The United States Environment Protection Agency (EPA) has issued recommendations for reducing asthma triggers this summer.
The air quality impacts asthma triggers, which can be exacerbated in summer because of the increase in ground level ozone. This level of ozone can increase sensitivity to dust and other airborne particles.
- Look for the air quality index when the local weather report is being issued, or check this website to check the kind of air quality you have locally available.
- When the color coded Air Quality Index or AQI indicates that the air quality is of unhealthy levels, one must limit the amount of strenuous activity that takes place outside of the home and limit activities to indoor ones when possible.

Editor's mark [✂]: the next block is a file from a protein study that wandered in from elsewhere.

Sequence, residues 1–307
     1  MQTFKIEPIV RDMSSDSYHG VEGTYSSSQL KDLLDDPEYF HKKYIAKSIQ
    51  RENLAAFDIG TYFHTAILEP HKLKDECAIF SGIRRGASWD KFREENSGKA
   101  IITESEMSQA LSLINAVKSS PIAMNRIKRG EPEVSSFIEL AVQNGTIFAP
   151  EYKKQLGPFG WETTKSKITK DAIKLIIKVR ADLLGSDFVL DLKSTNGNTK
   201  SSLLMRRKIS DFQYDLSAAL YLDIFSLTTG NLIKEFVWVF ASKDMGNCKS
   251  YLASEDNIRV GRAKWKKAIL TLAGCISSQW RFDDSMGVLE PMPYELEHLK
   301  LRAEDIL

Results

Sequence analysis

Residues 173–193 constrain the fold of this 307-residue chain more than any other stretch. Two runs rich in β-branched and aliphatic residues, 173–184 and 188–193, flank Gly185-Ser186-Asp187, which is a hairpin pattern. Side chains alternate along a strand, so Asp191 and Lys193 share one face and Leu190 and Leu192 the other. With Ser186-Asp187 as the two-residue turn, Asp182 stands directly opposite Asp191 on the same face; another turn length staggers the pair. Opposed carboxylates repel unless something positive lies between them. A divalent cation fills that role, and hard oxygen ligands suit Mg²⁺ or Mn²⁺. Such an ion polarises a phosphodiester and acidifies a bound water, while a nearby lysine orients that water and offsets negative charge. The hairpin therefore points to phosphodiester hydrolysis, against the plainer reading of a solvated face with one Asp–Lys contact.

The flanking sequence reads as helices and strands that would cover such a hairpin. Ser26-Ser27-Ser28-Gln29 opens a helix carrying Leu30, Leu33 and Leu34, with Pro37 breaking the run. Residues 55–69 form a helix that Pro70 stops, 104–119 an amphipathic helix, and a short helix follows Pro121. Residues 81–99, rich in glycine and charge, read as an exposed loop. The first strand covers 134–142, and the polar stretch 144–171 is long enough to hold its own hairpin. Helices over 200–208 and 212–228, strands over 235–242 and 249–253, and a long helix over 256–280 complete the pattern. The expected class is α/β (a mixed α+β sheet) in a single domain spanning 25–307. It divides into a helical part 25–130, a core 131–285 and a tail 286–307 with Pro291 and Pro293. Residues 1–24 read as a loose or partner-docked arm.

- Don’t smoke inside the home, since cigarette smoke is among the most common asthma triggers. Smoking inside the home or the car is a no-no, and you can get help implementing this by taking the Smoke Free Pledge.
- Take care to reduce the amount of mold that accumulates in the home. Controlling moisture is the key to controlling mold, so it is important to wash and dry hard surfaces to remove mold. Moldy ceilings and carpets ought to be replaced if possible.